Monday, November 28, 2016
On its way home to Tasmania again . . .
Excited to recently purchase this Bristol Blue rolling pin that was in the collection of Bruce Allen - "a lovers' token" with shipping illustrations, one which shows the "Star of Tasmania". Obviously the twin master that the sailor sailed away to the world downunder. The other illustration show a large port unnamed. Her collected history here.
ROLLING-PINS These quaint objects are as graceless in shape as anything could possibly be, but to many people the human interest makes up for their lack of artistry. They were mostly made at Bristol and are found in considerable numbers in sailor's homes, where they were brought as lovers' gifts by seafaring men engaged in the coasting trade. The mottoes and decorations on the best are done in enamel colours and burned on after the manner of other Bristol glass of good quality, but the later and less interesting ones have a coarser decoration in oil colours lightly baked on and liable to come off in the course of wear. Others are decorated with transfers in the style of Sunderland pottery ware, which also was a favourite gift of "those that go down to the sea in ships". These examples may possibly come form a Newcastle glass-house.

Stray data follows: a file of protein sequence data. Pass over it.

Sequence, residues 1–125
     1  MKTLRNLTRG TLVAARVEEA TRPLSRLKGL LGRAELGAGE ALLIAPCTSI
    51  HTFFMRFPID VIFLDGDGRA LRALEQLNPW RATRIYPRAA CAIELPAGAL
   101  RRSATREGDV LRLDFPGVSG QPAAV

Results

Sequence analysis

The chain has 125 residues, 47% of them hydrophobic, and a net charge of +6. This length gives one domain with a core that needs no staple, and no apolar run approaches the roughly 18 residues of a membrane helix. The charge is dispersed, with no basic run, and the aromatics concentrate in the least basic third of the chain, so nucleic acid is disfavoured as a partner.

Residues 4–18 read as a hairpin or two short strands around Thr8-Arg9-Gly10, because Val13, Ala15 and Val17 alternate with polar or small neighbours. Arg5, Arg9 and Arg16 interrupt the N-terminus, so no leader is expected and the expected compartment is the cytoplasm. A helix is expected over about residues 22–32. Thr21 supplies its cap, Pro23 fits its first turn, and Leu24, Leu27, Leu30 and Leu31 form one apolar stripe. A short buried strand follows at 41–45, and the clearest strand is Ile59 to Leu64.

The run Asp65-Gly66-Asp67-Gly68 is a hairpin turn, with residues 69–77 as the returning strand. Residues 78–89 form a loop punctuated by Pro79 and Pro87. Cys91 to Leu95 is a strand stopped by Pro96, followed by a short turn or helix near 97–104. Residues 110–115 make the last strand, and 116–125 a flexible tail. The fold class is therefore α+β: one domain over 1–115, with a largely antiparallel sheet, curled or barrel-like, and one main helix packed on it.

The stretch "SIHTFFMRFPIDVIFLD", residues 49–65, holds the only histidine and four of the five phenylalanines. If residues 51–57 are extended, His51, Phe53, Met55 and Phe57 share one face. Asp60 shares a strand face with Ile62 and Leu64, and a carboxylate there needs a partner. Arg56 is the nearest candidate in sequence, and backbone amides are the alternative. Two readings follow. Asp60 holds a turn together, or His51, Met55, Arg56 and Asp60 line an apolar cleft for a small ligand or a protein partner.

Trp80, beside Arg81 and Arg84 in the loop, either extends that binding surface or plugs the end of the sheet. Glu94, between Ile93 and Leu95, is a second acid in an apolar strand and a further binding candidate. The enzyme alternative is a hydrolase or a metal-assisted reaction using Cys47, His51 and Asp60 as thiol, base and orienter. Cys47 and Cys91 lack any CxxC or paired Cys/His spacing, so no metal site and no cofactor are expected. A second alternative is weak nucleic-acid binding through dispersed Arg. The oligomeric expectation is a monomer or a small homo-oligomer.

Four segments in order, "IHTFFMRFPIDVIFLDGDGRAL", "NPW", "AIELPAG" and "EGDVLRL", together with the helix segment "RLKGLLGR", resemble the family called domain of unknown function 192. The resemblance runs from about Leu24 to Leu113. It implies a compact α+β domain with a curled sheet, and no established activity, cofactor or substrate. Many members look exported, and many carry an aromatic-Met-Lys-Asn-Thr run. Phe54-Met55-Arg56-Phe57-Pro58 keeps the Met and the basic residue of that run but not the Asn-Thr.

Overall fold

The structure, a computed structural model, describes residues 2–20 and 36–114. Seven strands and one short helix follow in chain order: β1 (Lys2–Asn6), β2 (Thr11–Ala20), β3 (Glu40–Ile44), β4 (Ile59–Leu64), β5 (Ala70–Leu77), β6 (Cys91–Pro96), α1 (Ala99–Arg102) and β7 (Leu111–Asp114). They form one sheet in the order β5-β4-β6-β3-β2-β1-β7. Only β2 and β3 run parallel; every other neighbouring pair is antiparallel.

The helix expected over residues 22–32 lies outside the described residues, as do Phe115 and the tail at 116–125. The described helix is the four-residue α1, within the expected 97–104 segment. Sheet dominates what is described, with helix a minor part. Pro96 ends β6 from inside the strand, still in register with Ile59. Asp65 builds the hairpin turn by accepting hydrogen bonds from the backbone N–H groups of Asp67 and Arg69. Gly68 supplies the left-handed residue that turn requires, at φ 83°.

Inscriptions are frequent, generally of an amatory character, either verses or trite mottoes: "Remember me, when this you see, though many miles I distant be" is a favourite. In North Wales these rolling-pins are a source of great pride to the owners, and I remember being shown six in one kitchen, which belonged to the wife of the owner of a small coasting schooner.